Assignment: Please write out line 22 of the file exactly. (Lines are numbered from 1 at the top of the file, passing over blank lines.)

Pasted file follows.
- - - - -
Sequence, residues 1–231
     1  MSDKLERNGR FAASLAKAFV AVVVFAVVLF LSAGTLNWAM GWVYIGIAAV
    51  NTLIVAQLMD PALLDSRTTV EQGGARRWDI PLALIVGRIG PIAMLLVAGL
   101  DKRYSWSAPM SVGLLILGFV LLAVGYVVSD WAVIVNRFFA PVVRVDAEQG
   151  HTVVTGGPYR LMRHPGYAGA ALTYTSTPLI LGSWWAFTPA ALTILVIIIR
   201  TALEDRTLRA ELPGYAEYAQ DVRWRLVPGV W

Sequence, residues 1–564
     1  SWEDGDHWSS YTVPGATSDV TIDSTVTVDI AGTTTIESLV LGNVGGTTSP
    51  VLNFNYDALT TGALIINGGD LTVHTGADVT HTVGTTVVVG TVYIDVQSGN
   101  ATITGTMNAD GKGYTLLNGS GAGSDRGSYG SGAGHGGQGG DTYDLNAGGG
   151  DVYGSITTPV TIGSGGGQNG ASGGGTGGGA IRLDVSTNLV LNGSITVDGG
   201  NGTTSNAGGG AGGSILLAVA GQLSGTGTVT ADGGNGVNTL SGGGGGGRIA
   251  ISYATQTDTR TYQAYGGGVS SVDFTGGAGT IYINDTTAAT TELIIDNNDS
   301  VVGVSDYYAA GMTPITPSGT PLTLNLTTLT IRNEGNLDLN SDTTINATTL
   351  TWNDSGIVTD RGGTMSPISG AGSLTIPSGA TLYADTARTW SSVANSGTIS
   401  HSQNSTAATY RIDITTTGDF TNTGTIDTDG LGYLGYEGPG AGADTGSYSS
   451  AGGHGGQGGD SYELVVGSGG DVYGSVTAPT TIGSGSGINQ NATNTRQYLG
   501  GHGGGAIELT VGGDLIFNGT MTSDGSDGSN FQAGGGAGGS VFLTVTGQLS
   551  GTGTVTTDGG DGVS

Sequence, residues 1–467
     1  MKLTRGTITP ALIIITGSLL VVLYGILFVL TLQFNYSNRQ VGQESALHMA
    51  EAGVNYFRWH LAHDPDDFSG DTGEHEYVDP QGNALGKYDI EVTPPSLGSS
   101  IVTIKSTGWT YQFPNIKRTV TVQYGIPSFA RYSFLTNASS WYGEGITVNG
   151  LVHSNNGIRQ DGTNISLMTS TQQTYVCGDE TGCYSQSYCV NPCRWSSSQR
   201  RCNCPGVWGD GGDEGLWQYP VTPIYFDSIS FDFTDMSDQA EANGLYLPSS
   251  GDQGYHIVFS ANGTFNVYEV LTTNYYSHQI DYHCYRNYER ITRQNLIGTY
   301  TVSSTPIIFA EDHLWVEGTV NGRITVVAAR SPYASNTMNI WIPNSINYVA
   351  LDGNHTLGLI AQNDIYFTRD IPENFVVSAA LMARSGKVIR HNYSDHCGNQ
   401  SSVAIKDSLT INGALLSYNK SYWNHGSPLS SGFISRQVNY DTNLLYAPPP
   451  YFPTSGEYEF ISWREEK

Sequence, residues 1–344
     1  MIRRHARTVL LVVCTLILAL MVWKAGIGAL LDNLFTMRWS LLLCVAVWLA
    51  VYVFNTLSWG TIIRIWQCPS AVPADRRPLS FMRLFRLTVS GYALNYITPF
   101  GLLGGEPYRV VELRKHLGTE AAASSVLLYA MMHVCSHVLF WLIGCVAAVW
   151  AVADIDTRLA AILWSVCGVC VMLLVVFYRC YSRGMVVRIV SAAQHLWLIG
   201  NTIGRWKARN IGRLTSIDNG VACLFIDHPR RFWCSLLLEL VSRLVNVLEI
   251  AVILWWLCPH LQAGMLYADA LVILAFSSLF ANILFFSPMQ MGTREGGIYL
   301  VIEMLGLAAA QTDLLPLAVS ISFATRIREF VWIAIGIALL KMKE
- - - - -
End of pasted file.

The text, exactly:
    51  EAGVNYFRWH LAHDPDDFSG DTGEHEYVDP QGNALGKYDI EVTPPSLGSS